The traditional summer holiday may have been cancelled for millions this year due to Covid-19 travel restrictions. If your plans have been put on hold, now could be the perfect time to research some new European destinations for 2021.
With social distancing measures still in place and uncertainty over when they’ll end, getting away from the usual tourist traps next year could mean you’re still able to enjoy your trip without worrying. So, why not consider swapping Paris, Rome or Barcelona for one of these seven city destinations?
1. Kotor, Montenegro
Montenegro is rising up the list of popular holiday destinations and with good reason. There are stunning mountain views to take in and plenty of beaches if you’re hoping to catch some sun. Kotor is a coastal city nestled between mountains so you get the best of both worlds. Dating back to the Middle Ages, the centre is a medieval maze that’s earned a spot on the UNESCO World Heritage list.
Aside from exploring the bustling old town, walking up to the ruins of Castle of San Giovanni promises beautiful views or you can take in some of the picturesque villages along the Bay of Kotor.
2. Graz, Austria
When you think of places to visit in Austria, Vienna no doubt springs to mind. But the second-largest city of Graz has plenty to offer too. Once again, the compact centre is a UNESCO World Heritage site that is filled with Gothic, Renaissance and Baroque architecture to take in.
Art lovers will find plenty to capture their attention in the city, which was a UNESCO City of Design between 2011 and 2013 and is home to the modern-art museum Kunsthaus. However, if you want to get away from the city, you don’t have to go far to experience the beautiful countryside and walking trails. Kesselfallklamm and Bärenschützklamm gorge are ideal for seeing another side of Austria.
3. Viseu, Portugal
For charm, Viseu’s hilltop location coupled with quaint plazas and alleyways to explore is ideal. The magnificent cathedral square is a must-visit and if you’re a fan of history, you can find elegant historical houses, old fortifications and arachnology museums as you walk down the hill.
The city is also close to the Dão region, one of Portugal’s top wine-producing areas. So, expect rich red wines to enjoy with a meal or in the evening.
4. Ghent, Belgium
Ghent is one of Belgium’s oldest cities and has become one of the largest and richest cities in northern Europe in the Middle Ages. Despite that, it’s still easy to get around. There is a stark contrast here between medieval and classical architecture with post-industrial areas.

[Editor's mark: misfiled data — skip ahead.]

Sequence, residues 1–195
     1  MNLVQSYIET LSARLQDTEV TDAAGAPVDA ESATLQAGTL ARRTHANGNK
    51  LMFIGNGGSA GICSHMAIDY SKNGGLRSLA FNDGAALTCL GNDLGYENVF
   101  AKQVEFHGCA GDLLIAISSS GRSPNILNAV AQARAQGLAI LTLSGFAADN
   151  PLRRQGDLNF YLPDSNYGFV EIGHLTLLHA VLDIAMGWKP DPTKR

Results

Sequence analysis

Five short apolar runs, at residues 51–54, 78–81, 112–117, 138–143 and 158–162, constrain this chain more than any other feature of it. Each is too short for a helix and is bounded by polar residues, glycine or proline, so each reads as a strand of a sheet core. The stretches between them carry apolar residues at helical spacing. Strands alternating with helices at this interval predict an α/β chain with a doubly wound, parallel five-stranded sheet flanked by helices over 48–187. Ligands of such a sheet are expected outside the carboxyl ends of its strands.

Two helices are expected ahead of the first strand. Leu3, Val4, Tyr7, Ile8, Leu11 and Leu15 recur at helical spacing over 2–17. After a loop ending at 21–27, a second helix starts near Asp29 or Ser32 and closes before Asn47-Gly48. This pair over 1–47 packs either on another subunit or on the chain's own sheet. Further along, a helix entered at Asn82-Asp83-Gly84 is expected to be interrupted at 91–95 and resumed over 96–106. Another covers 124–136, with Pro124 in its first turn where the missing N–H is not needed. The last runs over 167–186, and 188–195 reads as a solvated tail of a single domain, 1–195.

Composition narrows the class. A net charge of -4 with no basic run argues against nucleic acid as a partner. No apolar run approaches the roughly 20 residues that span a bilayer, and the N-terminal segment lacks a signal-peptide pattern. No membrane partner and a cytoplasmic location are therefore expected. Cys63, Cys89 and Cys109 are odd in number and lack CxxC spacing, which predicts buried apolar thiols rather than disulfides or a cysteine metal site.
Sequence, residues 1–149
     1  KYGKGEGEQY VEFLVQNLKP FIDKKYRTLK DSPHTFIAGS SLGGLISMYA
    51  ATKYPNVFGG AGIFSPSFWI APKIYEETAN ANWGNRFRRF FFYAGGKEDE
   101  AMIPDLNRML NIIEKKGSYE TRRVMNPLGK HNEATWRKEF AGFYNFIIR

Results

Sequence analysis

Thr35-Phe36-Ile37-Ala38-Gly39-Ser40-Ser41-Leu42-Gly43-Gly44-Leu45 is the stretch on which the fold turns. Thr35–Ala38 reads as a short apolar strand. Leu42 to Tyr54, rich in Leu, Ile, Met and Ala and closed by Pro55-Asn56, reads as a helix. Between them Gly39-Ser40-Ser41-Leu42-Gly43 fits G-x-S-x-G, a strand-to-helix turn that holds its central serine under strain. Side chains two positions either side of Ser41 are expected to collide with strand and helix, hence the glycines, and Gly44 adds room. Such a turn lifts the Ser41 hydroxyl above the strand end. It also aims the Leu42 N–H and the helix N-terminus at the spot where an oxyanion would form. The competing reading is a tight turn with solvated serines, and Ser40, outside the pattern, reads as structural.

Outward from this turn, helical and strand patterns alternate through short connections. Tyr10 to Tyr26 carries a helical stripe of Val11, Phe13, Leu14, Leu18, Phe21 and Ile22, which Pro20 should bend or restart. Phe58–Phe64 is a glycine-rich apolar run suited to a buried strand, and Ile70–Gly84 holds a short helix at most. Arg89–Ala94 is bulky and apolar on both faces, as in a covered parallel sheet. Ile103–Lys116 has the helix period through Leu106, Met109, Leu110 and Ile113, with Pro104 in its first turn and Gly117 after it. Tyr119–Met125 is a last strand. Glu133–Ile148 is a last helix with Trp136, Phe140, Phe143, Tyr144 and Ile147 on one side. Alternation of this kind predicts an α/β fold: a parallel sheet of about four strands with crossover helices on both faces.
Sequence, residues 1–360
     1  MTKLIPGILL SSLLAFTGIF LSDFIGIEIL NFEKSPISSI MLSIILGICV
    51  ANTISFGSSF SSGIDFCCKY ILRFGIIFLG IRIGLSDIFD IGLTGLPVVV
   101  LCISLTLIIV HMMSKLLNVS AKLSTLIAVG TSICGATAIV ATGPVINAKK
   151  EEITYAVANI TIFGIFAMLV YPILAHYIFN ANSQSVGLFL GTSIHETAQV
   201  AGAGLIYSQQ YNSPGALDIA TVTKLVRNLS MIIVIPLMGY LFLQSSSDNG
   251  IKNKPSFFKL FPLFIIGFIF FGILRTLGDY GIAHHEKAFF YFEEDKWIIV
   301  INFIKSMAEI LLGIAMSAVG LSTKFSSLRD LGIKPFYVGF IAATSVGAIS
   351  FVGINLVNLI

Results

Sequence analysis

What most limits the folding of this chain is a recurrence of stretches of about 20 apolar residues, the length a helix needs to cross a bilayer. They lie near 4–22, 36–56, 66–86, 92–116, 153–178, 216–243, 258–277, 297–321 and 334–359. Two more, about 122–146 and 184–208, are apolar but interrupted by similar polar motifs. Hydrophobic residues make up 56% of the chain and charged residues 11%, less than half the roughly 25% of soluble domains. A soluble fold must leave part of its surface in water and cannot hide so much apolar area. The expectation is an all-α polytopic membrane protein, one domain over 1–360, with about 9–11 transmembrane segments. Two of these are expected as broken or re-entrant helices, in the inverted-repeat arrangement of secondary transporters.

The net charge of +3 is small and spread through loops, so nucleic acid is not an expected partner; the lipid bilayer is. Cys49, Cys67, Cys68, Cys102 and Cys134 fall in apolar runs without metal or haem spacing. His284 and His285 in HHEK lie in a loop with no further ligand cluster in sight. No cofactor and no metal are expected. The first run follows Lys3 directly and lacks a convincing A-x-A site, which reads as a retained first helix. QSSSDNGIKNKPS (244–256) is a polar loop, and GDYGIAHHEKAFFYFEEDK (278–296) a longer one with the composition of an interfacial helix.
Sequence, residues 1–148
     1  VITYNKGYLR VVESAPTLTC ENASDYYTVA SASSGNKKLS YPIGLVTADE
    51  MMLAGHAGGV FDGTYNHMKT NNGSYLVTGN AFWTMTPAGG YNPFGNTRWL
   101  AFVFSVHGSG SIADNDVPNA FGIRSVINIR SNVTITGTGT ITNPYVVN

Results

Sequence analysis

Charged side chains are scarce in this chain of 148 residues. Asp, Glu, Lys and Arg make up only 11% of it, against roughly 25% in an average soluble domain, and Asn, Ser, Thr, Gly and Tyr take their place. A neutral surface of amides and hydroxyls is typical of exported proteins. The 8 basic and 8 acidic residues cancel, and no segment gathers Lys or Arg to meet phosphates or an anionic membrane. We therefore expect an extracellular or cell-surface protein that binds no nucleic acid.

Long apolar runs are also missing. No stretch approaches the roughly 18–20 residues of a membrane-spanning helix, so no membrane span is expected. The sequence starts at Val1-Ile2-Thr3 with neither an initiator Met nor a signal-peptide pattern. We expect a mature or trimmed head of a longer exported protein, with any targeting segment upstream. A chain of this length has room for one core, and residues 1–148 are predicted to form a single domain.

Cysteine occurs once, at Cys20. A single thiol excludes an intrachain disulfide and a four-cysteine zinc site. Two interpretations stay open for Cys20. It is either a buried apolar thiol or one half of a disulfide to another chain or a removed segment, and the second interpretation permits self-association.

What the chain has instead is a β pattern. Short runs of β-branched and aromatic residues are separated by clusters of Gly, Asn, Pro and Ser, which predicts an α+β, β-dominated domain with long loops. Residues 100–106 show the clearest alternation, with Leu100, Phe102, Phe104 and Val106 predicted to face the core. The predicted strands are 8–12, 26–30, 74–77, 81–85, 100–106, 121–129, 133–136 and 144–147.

Some of Belgium’s best museums can be found in the city too. Among them is Museum voor Schone Kunsten, which houses classical art. You can stroll down sparkling canals as you head to beautiful castles and medieval structures, including Gravensteen that dates back to 1180. Today, it houses the Arms Museum plus boasts stunning rooftop views.
5. Utrecht, Netherlands
Built around Dom Tower, originally built as part of St Martin’s Cathedral, which was never fully completed, you can wander pretty tree-lined streets and stunning canals lined with cafes and terraces here. As a university town, it’s vibrant and has plenty to offer.
Among the attractions that are well worth a visit are The Oude Hortus, the former botanical garden of Utrecht University, the Sonnenborgh Museum and Observatory, and a boat excursion down the famous canals.
6. Gdansk, Poland
Gdansk is often overlooked by those visiting Poland in favour of Warsaw and Krakow but you could be missing out. Sat on the Baltic coast, it’s history as a place for wealthy merchants means it’s set apart from other Polish cities with unique architecture and atmosphere.
While significant parts of the city were destroyed during World War II, there are still some historic hidden gems to find in the old town and along the waterfront, both are perfect for taking a stroll. Be sure to dig into some Polish cuisine while you’re here, including pierogi, delicious dumplings that can have a savoury or sweet filling.
7. Mostar, Bosnia and Herzegovina
For an East-meets-West atmosphere, Bosnia and Herzegovina is an excellent place to visit with a mix of Ottoman and Austro-Hungarian histories. For some people, the country may still be associated with the civil war in the 90s but the beautiful mountain vistas and historical attractions mean it’s a great destination to head to in 2021.
Mostar’s enchanting town centre is stunning and spans a deep valley. It’s well known for its old Turkish houses and Old Bridge, one of the most photographed places in the City. It’s also the perfect location to explore some of the natural sights of the country, including the Kravica Waterfalls.
Booking a holiday amid uncertainty
If you’re planning to book a holiday in 2020, keep in mind the Covid-19 situation is still developing. Carefully check what insurance will cover and providers’ refund policies
Where possible, pay with a credit card. Section 75 of the Consumer Credit Act means a credit card provider has equal responsibility with a seller if something goes wrong after you’ve paid. It could mean if trips or services are cancelled, you’ll be able to apply for a refund through your credit card. This applies to single purchases that cost between £100 and £30,000.